He used the slate to show me the results of the hearing test. I wasn’t aware of how hearing worked, but he showed me on the slate that there are two types of hearing: the nerve hearing and the physical hearing. The physical hearing is comprised of the inner ear and the ear drum working together to gather the sound. The nerve hearing is how the brain receives the sound.
The good news he had for me was that the nerve hearing in the left ear was working perfectly. The problem was thus in the physical hearing, and that meant that something in the inner ear was preventing the ear drum from doing its job. He confirmed that my physical hearing was zero in this ear, meaning I was totally deaf. He stressed that this was great news, and he guaranteed me I would have my hearing back when I left his office.
The most likely cause of my hearing loss was fluid in the inner ear that was exerting so much pressure on the eardrum it could not move at all. He did some checking and confirmed that was the case. The fluid was either the result of a deep-seated, undetected ear infection, or a side effect of the stroke I had two years ago. The fluid should drain from the inner ear via the Eustachian tube, but it wasn’t happening.
He had to first rule out a blockage of the Eustachian tube, so he sprayed Lidocaine up my nose and ran a scope up there. Yuck. He showed me on the monitor that both Eustachian tubes were open and unobstructed, so the next step was to get the fluid out of the inner ear.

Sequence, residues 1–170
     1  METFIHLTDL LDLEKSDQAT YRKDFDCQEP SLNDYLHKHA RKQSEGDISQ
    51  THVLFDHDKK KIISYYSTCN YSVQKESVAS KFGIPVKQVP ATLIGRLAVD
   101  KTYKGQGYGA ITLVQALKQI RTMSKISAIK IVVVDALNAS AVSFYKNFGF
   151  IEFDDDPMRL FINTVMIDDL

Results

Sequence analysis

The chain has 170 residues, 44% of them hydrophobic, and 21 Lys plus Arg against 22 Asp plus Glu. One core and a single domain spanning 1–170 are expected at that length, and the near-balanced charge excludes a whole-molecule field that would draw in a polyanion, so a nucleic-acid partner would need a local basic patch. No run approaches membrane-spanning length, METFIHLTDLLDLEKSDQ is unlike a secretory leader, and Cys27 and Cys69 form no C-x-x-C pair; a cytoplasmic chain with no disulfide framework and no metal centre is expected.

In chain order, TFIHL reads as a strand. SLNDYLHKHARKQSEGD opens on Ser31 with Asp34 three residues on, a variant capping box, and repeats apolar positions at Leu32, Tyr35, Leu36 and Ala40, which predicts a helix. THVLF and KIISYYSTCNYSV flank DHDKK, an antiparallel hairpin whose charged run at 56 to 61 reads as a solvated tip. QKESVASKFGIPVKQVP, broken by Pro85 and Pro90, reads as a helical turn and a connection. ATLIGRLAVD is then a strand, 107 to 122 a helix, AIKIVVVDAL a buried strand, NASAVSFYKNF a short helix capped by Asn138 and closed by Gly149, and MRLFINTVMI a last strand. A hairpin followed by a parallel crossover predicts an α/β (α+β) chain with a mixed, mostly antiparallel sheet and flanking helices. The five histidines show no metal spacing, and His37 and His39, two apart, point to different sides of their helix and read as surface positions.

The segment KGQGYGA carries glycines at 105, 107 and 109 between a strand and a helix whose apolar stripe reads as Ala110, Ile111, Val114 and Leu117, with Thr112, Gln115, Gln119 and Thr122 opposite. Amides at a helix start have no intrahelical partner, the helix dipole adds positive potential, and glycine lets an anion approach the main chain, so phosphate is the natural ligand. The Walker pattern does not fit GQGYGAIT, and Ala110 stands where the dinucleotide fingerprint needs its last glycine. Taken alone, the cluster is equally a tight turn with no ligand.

That involved poking a hole through the ear drum, and then suctioning out the fluid. This turned out to be harder than expected, as he said I had what they called “gluey ear”, meaning the fluid was very thick. It took 20 very painful minutes to suction all of the fluid out of the inner ear. He then put a tiny tube in the eardrum to allow it to drain further. This was the same type of tube they put in kid’s ears when they get a lot of ear infections.
The doctor wasn’t kidding, when I left his office roughly 2 hours after arriving, I had regained my hearing. I went from totally deaf in one ear, to 100% hearing. I literally skipped out of the building, it was a miracle for me. I had not been able to mentally adapt to being deaf in the ear, no matter how hard I tried. Listening to music is a great joy in my life, and it had been ripped from it. No more. I can hear you fine. To the nice lady in the parking lot, thanks for your concern but they were tears of joy.
e-Book of the week
I am happily engaged with another of David Hewson’s Nic Costa books this week. I finished The Seventh Sacrament I was reading last week, a great book, and immediately started Dante’s Numbers. This is just as good as the earlier books in the series, and particularly interesting for me as the scene has switched from Rome to San Francisco. Hewson does a great job invoking a mental image with his writing, and it’s great “seeing” events unfold in places I have visited. Highly recommended.
Wrap-up
That’s my week as it happened. A week of gadgets, cops and miracles. How much better could it be? Until next week, be safe.